- (E) All members are expected to support and submit to the overseers of the church. Supporting them includes praying for them and their labours, loving them, esteeming them highly for their works sake, assisting them, and defending them. Submitting to them includes imitating their godly faith and practice as they imitate Christ; receiving their teaching with all readiness of mind and a teachable spirit (yet with your ultimate allegiance to the Word of God); humbly heeding to their scriptural rebukes and warnings as they are appointed to watch over the souls of the members and must give an account; seeking and carefully considering their counsel; and cheerfully embracing and abiding by their decisions regarding the oversight of God's house, which is His Church, (Rom.15:30-32; Eph.6:18,19; 1Thes.5:12,13; 2Tim.1:15-18; Rom.15:23,24; Phi.4:15,16; Acts23:5; 1Tim.5:19; 1Cor.11:1; Heb.13:7; 1Pet.5:3; Acts17:11; Jam.1:19-21; 1Thes.2:13; Col.1:28; 1Cor.7:25; 1Tim.3:5,15; Heb.13:17; Rom.10:21; 1Cor.10:10; Phi.2:14; Jude11)
(F) All members are expected to practice and cultivate godliness in all areas of life, including: personal devotion to God, family life, personal evangelism, Christian liberty and separation from the world.
- 1 - Personal devotion to God includes: walking personally with the Lord, daily secret prayer, daily reading and meditating on His Word, and periodic and prayerful self-examination by the standard of God's Word. (Gen.5:24; Matt.6:6,10; Ps.55:17; Dan.6:10; Col.4:2; 1Thes.4:17)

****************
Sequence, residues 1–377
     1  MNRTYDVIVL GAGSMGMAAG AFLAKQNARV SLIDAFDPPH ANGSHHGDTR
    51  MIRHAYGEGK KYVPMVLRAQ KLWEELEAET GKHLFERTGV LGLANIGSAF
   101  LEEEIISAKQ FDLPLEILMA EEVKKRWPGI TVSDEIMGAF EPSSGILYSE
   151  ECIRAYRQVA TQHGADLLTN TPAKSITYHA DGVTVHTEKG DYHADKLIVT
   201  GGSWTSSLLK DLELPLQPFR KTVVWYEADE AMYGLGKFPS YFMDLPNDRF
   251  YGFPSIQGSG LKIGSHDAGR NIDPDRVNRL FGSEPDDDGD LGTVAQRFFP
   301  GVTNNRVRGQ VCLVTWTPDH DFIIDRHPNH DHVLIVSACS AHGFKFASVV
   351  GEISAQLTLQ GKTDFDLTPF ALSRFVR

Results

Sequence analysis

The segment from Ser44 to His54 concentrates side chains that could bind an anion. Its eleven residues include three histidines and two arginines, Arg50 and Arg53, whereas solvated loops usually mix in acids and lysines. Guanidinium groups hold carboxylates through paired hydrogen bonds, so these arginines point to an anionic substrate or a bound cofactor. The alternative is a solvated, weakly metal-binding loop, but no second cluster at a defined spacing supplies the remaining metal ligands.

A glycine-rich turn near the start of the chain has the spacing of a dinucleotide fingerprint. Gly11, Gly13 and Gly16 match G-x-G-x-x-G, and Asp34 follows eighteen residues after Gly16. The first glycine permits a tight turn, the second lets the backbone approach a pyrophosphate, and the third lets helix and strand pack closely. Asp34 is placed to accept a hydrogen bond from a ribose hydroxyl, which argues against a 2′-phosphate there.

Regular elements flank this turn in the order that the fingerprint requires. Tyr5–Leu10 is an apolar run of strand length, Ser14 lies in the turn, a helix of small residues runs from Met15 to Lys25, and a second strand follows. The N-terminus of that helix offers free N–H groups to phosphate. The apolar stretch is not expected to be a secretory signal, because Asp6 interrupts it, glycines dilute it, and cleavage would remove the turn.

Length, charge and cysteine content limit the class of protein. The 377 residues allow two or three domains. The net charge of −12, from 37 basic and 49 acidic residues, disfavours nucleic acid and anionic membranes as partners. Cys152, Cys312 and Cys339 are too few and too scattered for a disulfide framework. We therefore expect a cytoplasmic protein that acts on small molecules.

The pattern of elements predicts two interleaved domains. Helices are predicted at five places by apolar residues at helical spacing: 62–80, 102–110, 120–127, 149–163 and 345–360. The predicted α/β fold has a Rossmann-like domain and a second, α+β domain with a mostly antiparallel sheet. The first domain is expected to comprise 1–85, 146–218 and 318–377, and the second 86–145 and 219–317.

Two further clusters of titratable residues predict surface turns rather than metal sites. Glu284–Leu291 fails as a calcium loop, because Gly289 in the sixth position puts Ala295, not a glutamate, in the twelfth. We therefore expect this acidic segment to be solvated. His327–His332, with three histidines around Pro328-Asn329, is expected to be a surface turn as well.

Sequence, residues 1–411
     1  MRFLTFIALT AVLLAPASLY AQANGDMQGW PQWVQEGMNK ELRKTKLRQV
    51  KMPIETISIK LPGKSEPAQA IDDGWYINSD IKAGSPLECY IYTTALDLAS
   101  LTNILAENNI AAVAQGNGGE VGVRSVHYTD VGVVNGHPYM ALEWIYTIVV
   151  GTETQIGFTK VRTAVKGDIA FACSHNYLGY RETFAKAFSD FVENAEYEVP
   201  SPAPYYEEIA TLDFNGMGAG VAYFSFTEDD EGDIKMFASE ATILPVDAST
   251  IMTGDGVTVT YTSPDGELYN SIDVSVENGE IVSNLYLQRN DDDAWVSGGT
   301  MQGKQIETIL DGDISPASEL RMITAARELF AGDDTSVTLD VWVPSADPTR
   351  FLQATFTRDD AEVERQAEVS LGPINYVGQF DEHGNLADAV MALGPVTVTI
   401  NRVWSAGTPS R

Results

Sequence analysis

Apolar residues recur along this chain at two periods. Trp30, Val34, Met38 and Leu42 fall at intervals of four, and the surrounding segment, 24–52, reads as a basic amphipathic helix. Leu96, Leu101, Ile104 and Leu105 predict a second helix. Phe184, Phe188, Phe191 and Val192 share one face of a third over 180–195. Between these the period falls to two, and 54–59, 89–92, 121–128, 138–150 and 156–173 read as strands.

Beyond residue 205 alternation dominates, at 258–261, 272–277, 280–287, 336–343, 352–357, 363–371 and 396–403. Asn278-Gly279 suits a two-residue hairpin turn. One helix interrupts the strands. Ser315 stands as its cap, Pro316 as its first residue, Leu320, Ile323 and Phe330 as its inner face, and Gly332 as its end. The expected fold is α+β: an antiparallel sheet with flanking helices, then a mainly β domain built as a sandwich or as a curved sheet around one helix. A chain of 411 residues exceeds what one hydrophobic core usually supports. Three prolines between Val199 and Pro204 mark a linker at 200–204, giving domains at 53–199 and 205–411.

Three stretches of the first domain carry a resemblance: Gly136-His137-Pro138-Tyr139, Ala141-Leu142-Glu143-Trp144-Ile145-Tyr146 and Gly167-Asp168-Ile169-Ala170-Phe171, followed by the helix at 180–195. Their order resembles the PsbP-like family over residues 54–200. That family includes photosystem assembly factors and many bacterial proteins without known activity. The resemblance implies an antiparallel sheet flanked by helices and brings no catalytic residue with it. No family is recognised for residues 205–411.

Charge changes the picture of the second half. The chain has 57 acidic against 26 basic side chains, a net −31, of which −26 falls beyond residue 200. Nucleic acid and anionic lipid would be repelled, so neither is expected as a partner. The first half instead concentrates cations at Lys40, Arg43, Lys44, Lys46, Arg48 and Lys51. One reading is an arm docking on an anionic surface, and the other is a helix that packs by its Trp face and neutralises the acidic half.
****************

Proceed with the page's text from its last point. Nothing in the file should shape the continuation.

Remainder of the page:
- 2 - In family life, members are expected to obey the teachings of Scripture that apply to the home. The husband, as the God-appointed head of the family must seek to lead his household with gentleness and love but also with wisdom and firmness. The wife must seek to nurture the children in the chastening and admonition of the Lord by setting a good example before them; by leading them in regular family worship; by instructing them consistently in the Scripture; by praying for them; and by wise, firm and consistent discipline, including the biblical use of the rod without excessive force. (Eph.5:22-33; 1Tim.3:4,5; 1Pet.3:1ff; Eph.6:1-4; Gen.18:19; Deut.6:7-9; 1Chro.29:18,19; Prov.13:24; 22:15; 29:15; Heb.12:7)
- 3 - Personal evangelism is the duty of every member. Each member should pray and labour according to his or her God-given ability and opportunity for the extension of the Kingdom of God both at home and to the ends of the earth. (Rom.12:6; Acts.1:8; Matt.10:32,33; Rom.1:16,17; 9:1-3; 10:1; 2Cor.5:18-20; Phil.2:14-16; 1Pet.3:14-16)
- 4 - If God has not condemned or forbidden a practice in the scriptures a Christian is at liberty to participate in it. The exercise of Christian liberty, however, must be governed at all times by an earnest desire to walk in the fear of the Lord and to glorify Him in all things, a loving regard for the consciences of weaker brethren, a compassion for the lost, and a zealous regard for the health of one's own soul. (Rom.8:3,4; 1Pet.1:17; 1Cor.10:31; 1Cor.8:9-13; Rom.15:1-3; 1Cor.9:19-10:13; Rom.13:14; 1Pet.2:16)